The Writing Excuses podcast constantly gives me new ways to think about things that have perplexed me for years. The latest example is the July 1, 2018, episode, in which Mary Robinette Kowal explains six “relationship axes” writers can use to explore how their characters relate to each other. She credits her mother-in-law, who came up with it as dating advice for her son.
Although I plan to put it to use in my writing, the thing that stands out for me just as much is how it applies to relationships in my own life.
What it means
The more closely aligned two people – or characters – are on these axes, the more compatible they are. It applies to romantic relationships, obviously, but also to friendships, work relationships, and all the other ways in which people interact.
Mind means they have comparable degrees of intelligence. Morals is the sense of what’s right and wrong, while manners is the idea of what’s polite and what isn’t. This is why you might have a person you can’t stand on Facebook, but when you meet them in real life you find you like them – your morals are different, but your manners are congruent.
Monogamy is the idea of what the relationship is. Kowal gave the example of two characters, one of whom thinks of the other as her best friend, while the other thinks they’re just work acquaintances. You can also think of this in terms of position power and personal power in which power can derive from a person’s position in a hierarchy or from the power of their personality and presence.
Money isn’t about how much people have, but what they think money is for, and their goals related to money. Finally, The Marx Brothers is whether they laugh at the same things. I’d broaden this to whether they enjoy doing the same things.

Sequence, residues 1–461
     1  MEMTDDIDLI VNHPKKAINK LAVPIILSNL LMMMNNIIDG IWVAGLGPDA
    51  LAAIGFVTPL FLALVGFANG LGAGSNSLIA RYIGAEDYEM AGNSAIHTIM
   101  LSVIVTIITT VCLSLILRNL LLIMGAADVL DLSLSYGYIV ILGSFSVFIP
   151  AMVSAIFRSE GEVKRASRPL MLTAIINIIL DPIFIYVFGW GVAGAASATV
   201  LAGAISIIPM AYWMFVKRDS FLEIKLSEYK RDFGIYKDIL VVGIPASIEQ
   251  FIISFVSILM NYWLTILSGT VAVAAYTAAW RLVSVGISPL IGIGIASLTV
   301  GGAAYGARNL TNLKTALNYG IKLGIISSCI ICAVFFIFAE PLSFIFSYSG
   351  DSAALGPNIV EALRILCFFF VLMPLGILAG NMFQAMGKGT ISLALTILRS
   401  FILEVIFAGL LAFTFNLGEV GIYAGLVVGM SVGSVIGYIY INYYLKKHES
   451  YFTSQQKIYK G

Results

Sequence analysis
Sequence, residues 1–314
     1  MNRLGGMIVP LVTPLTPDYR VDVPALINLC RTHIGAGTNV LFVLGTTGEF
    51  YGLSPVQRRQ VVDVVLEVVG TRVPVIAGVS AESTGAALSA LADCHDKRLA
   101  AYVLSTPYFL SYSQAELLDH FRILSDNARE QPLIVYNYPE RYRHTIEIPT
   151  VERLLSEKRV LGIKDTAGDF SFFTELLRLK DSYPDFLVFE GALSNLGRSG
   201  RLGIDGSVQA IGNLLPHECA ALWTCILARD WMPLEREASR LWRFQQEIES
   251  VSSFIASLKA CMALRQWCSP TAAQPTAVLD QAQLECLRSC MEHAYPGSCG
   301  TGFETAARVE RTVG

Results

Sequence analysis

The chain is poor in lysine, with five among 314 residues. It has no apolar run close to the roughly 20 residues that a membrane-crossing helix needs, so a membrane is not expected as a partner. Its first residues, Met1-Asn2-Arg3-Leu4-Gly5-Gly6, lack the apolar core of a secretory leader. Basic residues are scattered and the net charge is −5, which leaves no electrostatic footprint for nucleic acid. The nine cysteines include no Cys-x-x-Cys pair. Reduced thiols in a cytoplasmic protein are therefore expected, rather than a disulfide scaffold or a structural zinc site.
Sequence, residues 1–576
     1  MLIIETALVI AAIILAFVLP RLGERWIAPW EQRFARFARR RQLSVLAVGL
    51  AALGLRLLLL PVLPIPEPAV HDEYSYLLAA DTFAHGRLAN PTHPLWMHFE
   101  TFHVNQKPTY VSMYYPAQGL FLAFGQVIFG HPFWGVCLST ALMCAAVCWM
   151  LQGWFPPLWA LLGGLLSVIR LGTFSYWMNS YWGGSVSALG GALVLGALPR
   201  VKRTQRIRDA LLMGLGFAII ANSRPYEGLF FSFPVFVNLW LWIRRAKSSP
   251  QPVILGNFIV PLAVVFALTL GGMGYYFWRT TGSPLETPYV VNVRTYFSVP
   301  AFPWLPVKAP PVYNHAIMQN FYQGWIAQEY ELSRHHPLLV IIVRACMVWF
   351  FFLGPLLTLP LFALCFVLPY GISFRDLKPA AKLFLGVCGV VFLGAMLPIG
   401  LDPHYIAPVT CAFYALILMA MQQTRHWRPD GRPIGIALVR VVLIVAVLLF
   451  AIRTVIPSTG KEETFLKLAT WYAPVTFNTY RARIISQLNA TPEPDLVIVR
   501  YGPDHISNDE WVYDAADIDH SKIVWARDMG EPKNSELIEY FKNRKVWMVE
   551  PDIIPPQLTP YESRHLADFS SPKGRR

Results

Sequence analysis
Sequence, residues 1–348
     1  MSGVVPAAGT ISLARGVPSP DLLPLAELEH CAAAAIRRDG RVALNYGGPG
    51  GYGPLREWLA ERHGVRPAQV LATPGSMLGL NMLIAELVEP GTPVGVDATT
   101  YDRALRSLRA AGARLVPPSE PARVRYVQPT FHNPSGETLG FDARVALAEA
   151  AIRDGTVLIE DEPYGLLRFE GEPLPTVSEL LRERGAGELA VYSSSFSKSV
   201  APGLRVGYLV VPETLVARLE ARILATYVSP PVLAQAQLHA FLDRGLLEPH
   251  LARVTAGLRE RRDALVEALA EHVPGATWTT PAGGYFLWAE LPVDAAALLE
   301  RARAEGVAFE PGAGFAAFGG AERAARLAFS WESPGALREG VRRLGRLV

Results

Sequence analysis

Using the framework
As a writer, you can use any of these as a source of conflict between your characters. Think about buddy cop movies, for example. They might be aligned on the morals axis – they both want to get the bad guys – but maybe their manners are completely different, like Eddie Murphy and Judge Reinhold in Beverly Hills Cop. Or think about the relationship between Meg Ryan and Bill Pullman, the guy she’s with at the beginning of Sleepless in Seattle, or Meg Ryan and Greg Kinnear, the guy she’s with at the beginning of You’ve Got Mail. They seem to be aligned on every axis except monogamy – Meg Ryan’s character isn’t as happy as she thinks Pullman and Kinnear are with where the relationship seems to be going – but as the plot unfolds, we discover differences on some of the other axes, and (is a spoiler alert necessary for movies from the 90s? If so, consider yourself warned) we find out they’re actually aligned on monogamy, too, since the guys are also happy to split up and let Meg Ryan fulfill her destiny with Tom Hanks.
This framework is also helping me think about why some of my own relationships work and where the tensions come from. My husband and I come from totally different backgrounds in many ways, and we definitely aren’t in alignment on some of those axes. But on others, we’re in sync, and we’ve found ways to manage (usually) our differences on the others. Looking back at my career, some things weren’t as important in work relationships, but others were critical. Manners were key; people tended to either adapt to the way we interacted with each other or leave. Morals were often a source of conflict, where team members would see things through different lenses – although that actually strengthened the results of our work, even if it made work challenging at times.
What do you think? If you try this framework for your characters (or your life), please share in the comments.